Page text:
Each morning after Lev went to work, I sat at my desk, working my way through the Psalms, the Gospel of John and Philippians. I journaled for the first time. I prayed. To prepare myself for the gloom that would reenter the house when Lev returned, I went downstairs to our shadowy living room, assumed the classic lotus position of yoga and practiced deep breathing with “Je-sus” as my mantra, while my mind conjured up images of peace and serenity. The Twenty-Third Psalm took on new meaning:

The Lord is my shepherd; I shall not want.
He maketh me to lie down in green pastures: he leadeth me beside the still waters.
He restoreth my soul: he leadeth me in the paths of righteousness for his name’s sake.

As I meditated, I was transposed from a spiritual desert to a green oasis, where I could rest and where my soul was nourished. I visualized the small lake at the Broadmoor Hotel in Colorado Springs, surrounded by the green grass of the golf course. Cheyenne Mountain was reflected in the water, the silence broken by the music of the carillon wafting down from the Will Rogers Shrine of the Sun. There, in memory, my soul still finds peace.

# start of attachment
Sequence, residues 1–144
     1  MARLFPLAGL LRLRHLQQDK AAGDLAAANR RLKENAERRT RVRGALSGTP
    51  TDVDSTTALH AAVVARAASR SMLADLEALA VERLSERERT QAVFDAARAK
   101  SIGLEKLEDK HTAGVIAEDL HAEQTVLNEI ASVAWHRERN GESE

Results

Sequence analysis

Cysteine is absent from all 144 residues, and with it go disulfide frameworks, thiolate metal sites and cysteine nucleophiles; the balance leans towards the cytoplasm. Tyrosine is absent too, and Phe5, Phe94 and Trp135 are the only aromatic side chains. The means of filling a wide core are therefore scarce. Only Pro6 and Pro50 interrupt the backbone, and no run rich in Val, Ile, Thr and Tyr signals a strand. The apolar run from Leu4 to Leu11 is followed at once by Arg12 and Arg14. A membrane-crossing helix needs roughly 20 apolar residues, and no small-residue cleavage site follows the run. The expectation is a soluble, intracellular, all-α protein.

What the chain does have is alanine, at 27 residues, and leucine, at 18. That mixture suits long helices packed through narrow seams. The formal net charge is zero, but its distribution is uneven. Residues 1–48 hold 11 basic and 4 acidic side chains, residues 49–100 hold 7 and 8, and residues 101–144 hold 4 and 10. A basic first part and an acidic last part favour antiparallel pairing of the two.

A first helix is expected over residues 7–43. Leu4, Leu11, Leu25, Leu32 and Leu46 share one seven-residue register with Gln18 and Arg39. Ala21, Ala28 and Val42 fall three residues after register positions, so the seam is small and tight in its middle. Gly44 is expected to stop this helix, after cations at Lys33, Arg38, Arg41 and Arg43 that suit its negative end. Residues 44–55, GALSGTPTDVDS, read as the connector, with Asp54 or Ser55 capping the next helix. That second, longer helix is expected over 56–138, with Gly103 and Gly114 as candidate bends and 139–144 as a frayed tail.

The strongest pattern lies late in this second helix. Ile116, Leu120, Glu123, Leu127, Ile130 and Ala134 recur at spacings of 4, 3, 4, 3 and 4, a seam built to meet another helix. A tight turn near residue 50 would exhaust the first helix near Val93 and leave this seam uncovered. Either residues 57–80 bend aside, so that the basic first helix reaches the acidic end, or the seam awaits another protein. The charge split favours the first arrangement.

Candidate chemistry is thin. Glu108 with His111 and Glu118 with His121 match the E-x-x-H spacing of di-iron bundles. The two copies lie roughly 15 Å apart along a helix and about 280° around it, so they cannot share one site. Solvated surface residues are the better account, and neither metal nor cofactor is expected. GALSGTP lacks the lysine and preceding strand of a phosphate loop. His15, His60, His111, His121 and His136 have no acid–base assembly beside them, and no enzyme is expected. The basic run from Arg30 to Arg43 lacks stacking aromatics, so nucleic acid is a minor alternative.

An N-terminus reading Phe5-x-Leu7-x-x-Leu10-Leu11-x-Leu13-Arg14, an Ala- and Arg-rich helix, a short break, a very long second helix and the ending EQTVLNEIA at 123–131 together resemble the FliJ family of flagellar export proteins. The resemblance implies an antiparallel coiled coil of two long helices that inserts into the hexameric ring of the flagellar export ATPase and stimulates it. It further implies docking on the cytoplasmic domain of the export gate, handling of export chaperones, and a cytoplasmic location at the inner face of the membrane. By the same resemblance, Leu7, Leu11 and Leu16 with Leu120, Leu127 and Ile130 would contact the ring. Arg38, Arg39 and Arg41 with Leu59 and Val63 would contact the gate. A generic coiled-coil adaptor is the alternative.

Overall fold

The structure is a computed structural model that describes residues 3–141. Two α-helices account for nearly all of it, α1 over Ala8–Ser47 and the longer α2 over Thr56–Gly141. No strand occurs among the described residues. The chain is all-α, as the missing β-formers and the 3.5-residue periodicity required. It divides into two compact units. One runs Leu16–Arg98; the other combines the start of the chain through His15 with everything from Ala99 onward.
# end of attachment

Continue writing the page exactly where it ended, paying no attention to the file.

In the Valley of the Shadow of Death

Lev and I had another 10 good years before heart and lung disease began to weaken him. On New Year’s morning 2009, I called 911. Lev was admitted to the hospital and the final battle began. One evening he had a Code Blue. ICU was full of pneumonia patients, so there was no bed there for him. The kind young hospitalist on duty advised me to spend the night in his hospital room. Alone in the room with Lev, I was inexplicably at peace. I knew, as surely as if I had seen a spirit walk through the door, that God had sent His Comforter to us.

As I reclined in the big chair besides Lev’s bed listening to the sounds of his breathing, the words of the Twenty-Third Psalm again flitted into my consciousness….

Yea, though I walk through the valley of the shadow of death, I will fear no evil: for thou art with me; thy rod and thy staff they comfort me.
Thou prepares a table before me in the presence of mine enemies: thou anointest my head with oil; my cup runneth over.

After two months of hospitalization, Lev came home with an encouraging prognosis. We saw friends and went to a party. He returned to his office. He bought a new car. Then, unexpectedly, he slipped quietly away in the early hours of April 9, 2009. Alone at home in the semi-darkness, I reached for my Bible and read again Paul’s words of love, comfort, encouragement, hope and joy.